Daycare owner charged with child abuse
NOBLE, Okla. (KFOR) - Melissa Clark showed little emotion as she walked from the courtroom in shackles after a judge decided there was enough evidence to try her for the first-degree murder of 5-month-old Braelyn Zachary.
Monday, the prosecution called Dr. Sarah Passmore, who specializes in child abuse.
Passmore testified Zachary had a "subdural hematoma, severe retinal hemorrhaging in both eyes and a bruise on her forehead, which is consistent with impact."
Special agent Lynda Stevens, who interviewed Clark after Zachary was taken to the hospital, testified Clark admitted to her she threw Zachary.
In court documents, Clark listed two different incidents that injured the baby the day she was taken to the hospital.
Clark told investigators, around 11:30 that morning, she was holding the baby and went to the kitchen and, while opening a water bottle, "somehow, Clark dropped the baby and the baby hit the tile floor."
She said the baby's "head hit the tile first."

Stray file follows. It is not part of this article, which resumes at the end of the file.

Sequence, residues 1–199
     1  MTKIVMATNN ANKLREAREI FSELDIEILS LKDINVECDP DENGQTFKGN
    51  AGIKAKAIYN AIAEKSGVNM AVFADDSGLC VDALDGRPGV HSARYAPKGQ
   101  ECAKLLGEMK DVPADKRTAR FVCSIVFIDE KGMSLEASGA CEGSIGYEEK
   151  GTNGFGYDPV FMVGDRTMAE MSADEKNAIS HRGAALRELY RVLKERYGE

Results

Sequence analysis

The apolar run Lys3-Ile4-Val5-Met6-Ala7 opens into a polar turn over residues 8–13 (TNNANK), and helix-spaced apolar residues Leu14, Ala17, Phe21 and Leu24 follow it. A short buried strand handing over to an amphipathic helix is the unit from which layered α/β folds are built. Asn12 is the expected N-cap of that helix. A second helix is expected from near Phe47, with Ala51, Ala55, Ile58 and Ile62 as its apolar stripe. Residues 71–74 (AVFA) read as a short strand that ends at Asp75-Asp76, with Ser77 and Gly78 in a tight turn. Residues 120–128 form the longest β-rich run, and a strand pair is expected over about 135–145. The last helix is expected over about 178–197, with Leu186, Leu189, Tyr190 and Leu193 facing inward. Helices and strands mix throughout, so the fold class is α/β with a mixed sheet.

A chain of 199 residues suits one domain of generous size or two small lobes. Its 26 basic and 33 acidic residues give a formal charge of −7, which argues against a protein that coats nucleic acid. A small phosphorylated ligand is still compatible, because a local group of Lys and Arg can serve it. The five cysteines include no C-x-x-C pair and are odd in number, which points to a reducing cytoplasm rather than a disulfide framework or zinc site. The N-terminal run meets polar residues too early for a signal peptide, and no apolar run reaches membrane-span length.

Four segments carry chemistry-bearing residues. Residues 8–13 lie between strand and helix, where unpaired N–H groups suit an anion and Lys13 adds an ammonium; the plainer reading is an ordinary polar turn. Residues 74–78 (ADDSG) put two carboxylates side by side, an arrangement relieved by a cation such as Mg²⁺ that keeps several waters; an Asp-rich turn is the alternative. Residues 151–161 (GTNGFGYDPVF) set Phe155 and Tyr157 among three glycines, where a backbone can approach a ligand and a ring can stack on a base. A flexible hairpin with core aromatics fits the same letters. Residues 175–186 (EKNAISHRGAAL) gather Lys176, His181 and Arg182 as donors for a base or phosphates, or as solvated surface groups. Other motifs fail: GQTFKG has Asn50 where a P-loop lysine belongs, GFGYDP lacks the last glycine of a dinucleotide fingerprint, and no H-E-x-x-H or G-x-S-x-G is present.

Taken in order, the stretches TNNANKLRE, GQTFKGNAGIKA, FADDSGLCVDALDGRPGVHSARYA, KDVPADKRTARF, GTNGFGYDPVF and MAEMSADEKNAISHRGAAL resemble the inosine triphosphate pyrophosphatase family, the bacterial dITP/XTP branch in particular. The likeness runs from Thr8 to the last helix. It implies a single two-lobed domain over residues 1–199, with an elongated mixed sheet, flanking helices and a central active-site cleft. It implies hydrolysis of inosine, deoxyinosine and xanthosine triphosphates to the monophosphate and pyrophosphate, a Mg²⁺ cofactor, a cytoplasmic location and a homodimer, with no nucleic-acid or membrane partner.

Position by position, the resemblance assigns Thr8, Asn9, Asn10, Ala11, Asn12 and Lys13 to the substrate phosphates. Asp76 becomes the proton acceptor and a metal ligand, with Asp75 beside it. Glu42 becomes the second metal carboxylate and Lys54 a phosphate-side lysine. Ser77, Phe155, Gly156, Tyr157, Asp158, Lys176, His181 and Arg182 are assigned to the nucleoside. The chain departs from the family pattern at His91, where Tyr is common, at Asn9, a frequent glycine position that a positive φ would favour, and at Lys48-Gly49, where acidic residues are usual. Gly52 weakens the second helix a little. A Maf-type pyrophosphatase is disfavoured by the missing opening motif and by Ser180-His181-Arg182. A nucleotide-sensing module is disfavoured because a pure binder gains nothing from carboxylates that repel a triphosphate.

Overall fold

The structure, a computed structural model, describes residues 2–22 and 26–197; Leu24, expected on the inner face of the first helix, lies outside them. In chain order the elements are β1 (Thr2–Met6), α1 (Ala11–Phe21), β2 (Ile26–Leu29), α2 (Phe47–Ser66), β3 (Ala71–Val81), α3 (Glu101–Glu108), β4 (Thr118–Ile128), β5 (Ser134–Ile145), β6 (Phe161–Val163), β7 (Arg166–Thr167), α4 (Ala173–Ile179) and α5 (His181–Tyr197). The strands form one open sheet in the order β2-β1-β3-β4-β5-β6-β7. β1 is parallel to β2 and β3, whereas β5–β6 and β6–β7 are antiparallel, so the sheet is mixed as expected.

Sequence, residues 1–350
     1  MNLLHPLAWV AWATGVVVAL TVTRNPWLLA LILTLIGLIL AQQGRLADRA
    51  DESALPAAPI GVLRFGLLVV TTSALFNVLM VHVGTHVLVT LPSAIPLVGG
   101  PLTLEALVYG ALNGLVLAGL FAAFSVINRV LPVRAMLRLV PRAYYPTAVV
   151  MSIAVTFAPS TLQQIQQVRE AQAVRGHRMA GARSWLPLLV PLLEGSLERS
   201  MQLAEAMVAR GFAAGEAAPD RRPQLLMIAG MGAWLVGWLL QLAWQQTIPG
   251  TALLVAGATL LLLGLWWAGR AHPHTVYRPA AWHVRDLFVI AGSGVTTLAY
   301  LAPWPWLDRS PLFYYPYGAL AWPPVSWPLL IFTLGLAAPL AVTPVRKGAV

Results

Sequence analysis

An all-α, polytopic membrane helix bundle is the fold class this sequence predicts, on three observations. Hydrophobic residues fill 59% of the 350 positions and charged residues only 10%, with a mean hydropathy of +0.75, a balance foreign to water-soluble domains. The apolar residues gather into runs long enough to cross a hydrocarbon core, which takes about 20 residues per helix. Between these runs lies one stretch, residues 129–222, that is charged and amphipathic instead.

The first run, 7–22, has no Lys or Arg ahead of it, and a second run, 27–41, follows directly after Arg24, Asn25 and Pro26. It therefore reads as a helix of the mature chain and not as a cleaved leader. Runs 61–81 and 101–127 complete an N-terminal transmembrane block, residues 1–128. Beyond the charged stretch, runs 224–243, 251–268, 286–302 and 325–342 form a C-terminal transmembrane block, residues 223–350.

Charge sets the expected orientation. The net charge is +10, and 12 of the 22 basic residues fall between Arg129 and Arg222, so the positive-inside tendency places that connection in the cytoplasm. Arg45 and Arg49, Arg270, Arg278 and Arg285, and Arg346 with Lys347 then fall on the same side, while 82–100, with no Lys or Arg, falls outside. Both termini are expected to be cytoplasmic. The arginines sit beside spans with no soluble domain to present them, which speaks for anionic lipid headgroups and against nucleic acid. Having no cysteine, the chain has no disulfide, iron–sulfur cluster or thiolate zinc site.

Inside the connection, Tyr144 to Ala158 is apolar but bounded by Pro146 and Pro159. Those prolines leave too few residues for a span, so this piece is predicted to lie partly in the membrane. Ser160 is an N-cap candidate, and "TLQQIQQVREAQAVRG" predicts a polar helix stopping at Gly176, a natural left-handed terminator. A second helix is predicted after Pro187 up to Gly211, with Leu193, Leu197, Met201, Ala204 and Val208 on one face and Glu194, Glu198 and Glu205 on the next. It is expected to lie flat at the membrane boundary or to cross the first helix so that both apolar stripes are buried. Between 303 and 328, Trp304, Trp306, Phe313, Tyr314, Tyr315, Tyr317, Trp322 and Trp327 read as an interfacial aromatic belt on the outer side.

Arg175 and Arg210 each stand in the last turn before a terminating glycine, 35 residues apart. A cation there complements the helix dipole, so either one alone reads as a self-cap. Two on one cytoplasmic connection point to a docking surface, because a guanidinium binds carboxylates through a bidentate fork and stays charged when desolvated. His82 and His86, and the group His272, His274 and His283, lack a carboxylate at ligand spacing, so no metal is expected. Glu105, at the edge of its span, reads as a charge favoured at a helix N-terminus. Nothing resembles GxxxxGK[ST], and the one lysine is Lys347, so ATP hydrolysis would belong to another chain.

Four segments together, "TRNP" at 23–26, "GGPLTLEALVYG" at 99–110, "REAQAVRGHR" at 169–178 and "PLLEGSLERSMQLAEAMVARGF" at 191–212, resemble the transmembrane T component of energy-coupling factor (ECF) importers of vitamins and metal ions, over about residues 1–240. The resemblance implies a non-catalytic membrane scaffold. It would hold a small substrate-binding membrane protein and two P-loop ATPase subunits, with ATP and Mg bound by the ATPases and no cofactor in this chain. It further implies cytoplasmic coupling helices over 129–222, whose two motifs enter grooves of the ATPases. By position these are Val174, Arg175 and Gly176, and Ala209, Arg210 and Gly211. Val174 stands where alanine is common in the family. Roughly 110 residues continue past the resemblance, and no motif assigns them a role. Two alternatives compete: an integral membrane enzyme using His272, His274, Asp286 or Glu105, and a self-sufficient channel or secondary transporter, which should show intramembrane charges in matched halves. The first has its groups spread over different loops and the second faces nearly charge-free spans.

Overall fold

Later, she said "the other children were arguing and fighting, and she couldn't get them to stop. At that time, the baby was also crying and wouldn't stop. Clark lost it and threw the baby onto the bouncy seat."
And, her "body hit the bar on the bouncy seat."
From there, the baby "fell onto the floor."
Clark said she put the baby back in the bouncy seat and, when Zachary fell asleep, laid her on a blanket on the floor.
A short time later, she heard a sound as if "the baby was choking on fluids."
She rushed over and picked her up and noticed her "body was limp and that she wasn't breathing but once every 10 to 15 seconds."
Doctors at the hospital in Tulsa told investigators the events Clark described may have happened that day but they still didn't explain the baby's injuries.
Passmore also testified Monday that Zachary's "condition would have been caused by a shaking component – thrusting of the head forward and backward with acceleration and deceleration."
And, "this is a child abuse case, the baby was shaken and, due to the severity of the injuries, the symptoms would have been immediate."